Hungarian Prime Minister Viktor Orbán has threatened to veto the initiation of EU accession talks with Ukraine. The decision is to be made at the EU summit in Brussels in mid-December, where a vote will also be held on whether to approve a further 50 billion euros in aid for Ukraine. Commentators voice annoyance.

Unsound arguments

The reasons given by the Hungarian government don't hold water, says Népszava:

“Foreign Minister Péter Szijjártó said that if Ukraine were to join the EU, war would 'enter the Union'. These statements are intended more for domestic consumption and should also please the Kremlin. The step of starting accession negotiations is along way away from the moment when a country actually becomes a candidate country. Ukraine is not yet ready for EU membership, and nor did the EU Commission's report claim it was.”


Better to play along

Hungary could be putting obstacles in its own path with a blockade policy, warns Magyar Hang:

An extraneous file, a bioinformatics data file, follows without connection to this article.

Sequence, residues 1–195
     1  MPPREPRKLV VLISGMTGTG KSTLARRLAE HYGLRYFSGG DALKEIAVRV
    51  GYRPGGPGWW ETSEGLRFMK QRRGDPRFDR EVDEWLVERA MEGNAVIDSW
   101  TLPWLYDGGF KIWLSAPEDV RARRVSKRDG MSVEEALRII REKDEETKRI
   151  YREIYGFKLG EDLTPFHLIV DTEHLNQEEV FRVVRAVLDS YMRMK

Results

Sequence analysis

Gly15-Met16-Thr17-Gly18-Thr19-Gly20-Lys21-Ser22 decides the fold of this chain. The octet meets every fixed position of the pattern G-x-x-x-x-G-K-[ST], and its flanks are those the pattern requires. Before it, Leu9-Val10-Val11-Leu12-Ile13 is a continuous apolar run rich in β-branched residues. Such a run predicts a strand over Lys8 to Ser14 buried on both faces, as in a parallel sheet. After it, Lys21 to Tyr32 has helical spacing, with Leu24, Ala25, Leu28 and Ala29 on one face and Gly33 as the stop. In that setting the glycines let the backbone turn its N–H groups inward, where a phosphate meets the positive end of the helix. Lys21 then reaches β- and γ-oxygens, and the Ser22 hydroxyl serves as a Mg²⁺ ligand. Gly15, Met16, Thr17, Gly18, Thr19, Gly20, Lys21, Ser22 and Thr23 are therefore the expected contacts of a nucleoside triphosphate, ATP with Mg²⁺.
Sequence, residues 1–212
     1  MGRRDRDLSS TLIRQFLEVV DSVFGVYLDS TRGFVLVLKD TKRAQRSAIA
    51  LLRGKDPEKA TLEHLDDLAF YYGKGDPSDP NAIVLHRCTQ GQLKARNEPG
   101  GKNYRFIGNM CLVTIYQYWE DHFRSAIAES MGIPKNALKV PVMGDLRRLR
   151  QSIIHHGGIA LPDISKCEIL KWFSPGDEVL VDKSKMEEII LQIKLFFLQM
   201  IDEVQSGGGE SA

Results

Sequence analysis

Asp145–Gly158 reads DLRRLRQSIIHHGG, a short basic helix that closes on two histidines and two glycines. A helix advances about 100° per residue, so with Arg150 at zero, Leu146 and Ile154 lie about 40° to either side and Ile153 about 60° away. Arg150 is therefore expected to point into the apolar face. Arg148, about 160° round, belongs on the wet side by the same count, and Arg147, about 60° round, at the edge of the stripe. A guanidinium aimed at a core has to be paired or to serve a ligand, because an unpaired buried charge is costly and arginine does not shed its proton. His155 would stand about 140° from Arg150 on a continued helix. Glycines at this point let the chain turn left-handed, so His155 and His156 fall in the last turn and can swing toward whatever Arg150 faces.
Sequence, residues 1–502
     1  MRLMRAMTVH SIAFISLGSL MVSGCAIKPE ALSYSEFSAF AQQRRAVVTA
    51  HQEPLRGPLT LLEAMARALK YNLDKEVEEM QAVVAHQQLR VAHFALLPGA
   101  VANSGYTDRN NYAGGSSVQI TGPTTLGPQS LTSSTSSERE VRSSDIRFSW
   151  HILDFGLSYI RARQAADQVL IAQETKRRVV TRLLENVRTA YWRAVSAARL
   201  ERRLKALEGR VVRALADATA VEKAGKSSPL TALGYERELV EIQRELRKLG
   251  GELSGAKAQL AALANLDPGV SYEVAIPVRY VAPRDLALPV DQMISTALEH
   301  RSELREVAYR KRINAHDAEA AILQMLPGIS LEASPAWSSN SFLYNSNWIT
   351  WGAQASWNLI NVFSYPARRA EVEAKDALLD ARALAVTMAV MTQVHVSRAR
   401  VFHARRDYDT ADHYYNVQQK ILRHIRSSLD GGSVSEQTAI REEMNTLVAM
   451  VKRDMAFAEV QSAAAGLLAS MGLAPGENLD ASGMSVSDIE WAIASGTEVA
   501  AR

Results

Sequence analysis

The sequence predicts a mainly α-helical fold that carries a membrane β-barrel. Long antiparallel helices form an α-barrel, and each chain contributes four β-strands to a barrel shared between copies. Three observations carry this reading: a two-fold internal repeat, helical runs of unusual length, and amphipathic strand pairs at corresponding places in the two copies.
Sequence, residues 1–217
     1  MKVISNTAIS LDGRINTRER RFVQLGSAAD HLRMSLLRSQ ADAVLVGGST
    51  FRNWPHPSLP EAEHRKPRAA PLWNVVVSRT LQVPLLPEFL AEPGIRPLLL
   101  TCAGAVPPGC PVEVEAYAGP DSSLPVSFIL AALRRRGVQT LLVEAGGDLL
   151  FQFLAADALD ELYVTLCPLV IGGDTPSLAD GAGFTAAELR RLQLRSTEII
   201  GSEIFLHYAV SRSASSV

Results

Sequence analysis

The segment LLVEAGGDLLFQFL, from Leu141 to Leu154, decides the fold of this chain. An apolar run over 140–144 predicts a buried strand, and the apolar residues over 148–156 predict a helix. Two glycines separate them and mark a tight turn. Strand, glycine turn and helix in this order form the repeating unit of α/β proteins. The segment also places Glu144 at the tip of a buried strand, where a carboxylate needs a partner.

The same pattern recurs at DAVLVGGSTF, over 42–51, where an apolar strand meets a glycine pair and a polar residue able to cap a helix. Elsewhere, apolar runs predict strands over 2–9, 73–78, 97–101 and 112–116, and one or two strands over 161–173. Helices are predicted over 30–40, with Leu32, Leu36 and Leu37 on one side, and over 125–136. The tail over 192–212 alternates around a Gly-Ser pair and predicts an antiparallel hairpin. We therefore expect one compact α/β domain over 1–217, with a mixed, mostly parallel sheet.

“The accession process would offer Ukraine a vision for the future, a perspective that the Hungarian government would deprive the country of by blocking its progress in this process. It would also deprive itself, as an EU member, of the opportunity to force the Ukrainian side to fulfil the criteria of the rule of law, curb corruption and, above all, guarantee the rights of the Hungarian community in Transcarpathia within the organised framework of the accession negotiations.”

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Calculated blackmail

The EU still has no effective remedy against Budapest's disruptive tactics, Kurier laments:

“After years of helplessly watching Orbán strip Hungary of its 'liberal' credentials bit by bit, Brussels hoped last year that it had finally found an effective punishment for the champion of 'illiberal democracy': it is withholding more than 20 billion euros in funds until - so the expectation - the Orbán system finds its way back onto the common European path. The problem is that if the EU doesn't give Hungary the money, Orbán will get awkward.”

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